• Will the price come down to where online and blended learning will use this type of thing?
  • Will streams of content be offered by holographic displays?

 

 

Moving Online Learning from Challenge to Opportunity — from campustechnology.com by Dr. Mark Lombardi
The future of higher education means breaking down classroom walls, embracing digital tools and engaging students with creativity and innovation.

Excerpt (emphasis DSC):

Similarly, Maryville criminology professor Geri Brandt, working in concert with our learning designers and on-site production studio, used 360-degree camera technology to stage a virtual, explorable, interactive crime scene. Extending this online experience further, the criminology department created a “choose your own adventure” virtual experience, where each student response or choice in an investigation leads to a different outcome.

Creativity and innovation on this scale are only possible when faculty work with a talented team of learning design professionals who can translate a vision of interactive and immersive learning into a new student experience. Designing and delivering this active learning ecosystem integrated in online and on-ground learning takes a team of committed professionals and the courage to make it happen.

What if students could choose to learn in environments that are fully immersive, deeply enriching and profoundly meaningful to their courses of study? We encourage our students to explore the world beyond the campus, but what happens when the world is your campus?

 

Telemedicine likely to change how we receive health care post-pandemic — from mlive.com by Justin Hicks

A patient sits in the living room of her apartment in New York City during a telemedicine video conference with a doctor. (Mark Lennihan/AP)AP

A patient sits in the living room of her apartment in New York City during a telemedicine video conference with a doctor. (Mark Lennihan/AP)AP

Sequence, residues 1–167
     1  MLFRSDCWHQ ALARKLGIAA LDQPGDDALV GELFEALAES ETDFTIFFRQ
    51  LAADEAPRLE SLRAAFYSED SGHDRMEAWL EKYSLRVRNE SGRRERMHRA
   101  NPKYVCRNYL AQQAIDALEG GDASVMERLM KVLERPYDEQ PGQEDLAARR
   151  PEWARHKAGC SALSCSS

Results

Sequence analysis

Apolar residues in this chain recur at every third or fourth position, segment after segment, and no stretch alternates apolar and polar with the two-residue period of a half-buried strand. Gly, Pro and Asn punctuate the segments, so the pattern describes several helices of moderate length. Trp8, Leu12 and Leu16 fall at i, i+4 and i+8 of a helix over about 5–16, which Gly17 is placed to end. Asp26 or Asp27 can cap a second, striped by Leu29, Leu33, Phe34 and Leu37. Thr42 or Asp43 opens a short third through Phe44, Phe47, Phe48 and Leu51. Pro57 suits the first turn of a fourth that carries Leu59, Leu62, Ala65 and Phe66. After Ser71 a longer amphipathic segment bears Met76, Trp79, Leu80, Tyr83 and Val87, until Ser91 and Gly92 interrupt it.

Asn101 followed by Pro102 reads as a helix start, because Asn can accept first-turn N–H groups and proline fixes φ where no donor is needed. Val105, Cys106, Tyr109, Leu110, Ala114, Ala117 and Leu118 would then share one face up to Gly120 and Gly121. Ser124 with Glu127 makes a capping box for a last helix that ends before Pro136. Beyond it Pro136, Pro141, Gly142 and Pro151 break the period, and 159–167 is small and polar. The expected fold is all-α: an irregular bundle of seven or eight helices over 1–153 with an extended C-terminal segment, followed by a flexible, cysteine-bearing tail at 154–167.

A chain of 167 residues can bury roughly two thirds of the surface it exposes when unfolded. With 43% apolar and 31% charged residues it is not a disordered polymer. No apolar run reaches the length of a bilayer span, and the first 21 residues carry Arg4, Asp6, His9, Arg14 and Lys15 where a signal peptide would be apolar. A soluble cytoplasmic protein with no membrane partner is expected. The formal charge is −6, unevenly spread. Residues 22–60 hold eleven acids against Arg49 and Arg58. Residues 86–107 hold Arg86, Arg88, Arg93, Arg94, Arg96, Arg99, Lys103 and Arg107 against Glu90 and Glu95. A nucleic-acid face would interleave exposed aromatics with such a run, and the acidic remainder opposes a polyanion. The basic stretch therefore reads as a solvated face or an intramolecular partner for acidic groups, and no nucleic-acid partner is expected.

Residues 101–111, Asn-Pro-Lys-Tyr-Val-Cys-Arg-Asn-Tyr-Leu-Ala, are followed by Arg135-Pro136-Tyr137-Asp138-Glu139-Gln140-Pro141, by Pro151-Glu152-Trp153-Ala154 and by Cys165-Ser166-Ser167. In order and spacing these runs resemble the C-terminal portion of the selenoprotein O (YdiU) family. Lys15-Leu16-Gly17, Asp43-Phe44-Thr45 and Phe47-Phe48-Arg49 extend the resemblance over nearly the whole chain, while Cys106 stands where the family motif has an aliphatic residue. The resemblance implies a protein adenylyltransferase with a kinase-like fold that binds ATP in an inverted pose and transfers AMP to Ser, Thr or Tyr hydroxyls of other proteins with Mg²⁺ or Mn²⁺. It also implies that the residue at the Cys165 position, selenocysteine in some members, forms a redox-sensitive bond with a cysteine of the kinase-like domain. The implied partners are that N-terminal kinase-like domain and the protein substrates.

Excerpt:

As we look to the post-pandemic future, medical experts believe telemedicine will be here to stay as another option to increase access to care, reduce costs, and free up doctors to spend more time with patients who need in-person care.

“When I think about the pandemic, one thing that didn’t change about our lifestyles is people are busy,” Lopez said. “I think we’ll still see growth in overall visits because of the fact that people want access to care and when you lower the cost, it should go up.”

From DSC:
A friend of mine said that he is doing most of his practice now via the telehealth route (and has been for many months now). Then, recently, when I was at the lab, the knowledgeable woman who assisted me said that she thought virtual health was definitely going to stick. Many doctors and nurses will be using virtual means vs. physical visits she said.

Expectations get involved here — for education, for the legal field, and for other arenas.

 

The excerpt below is from The 7 best online whiteboards in 2021 — from zapier.com by Maria Myre

  • Miro for turning ideas into tasks
  • Stormboard for creating multiple whiteboards in a single brainstorming session
  • MURAL for remote, multi-member team meetings
  • Limnu for teaching students remotely
  • InVision Freehand for annotating design files with a team
  • Conceptboard for turning a brainstorming session into a formal presentation
  • Explain Everything for creating whiteboard videos

From DSC:
Other potentially-relevant tools/vendors here include:

Woman using the Cisco Webex Desk Pro

 

Technology and Access to Justice: How Does It Work? — from lawdroid.com by Robin Bull

Picture of a keyboard with the word Justice on one of the keys - clicking on this image will take you to an article called Technology and Access to Justice: How Does It Work?

Excerpt (emphasis DSC):

At its most basic level, the term “access to justice” means the ability that a person has in accessing the legal system. This includes, and is not limited to, the ability to afford an attorney and file a lawsuit. There is only a legal right to an attorney if a person faces a criminal charge. There is no right to an attorney if someone is involved in a civil matter.

In the civil system, there is no constitutional right to an attorney. If a person can afford an attorney, great. Sure, there are legal aid organizations set up to provide access to justice. However, many do not have the funds, enough employees, or enough volunteers to help every person who seeks them out. Many Americans cannot afford to pay an hourly rate to have an attorney handle a civil matter. Even if they manage to come up with a retainer, they may not be able to see the matter through to completion or finish paying their attorney.

Here are a few ways that technology and access to justice work together.  

 

Also see:

If regular people lack the abilty to petition a branch of our government without spending their life savings, then we don't have a democracy. Sonja Ebron of Courtroom 5

 
© 2021 | Daniel Christian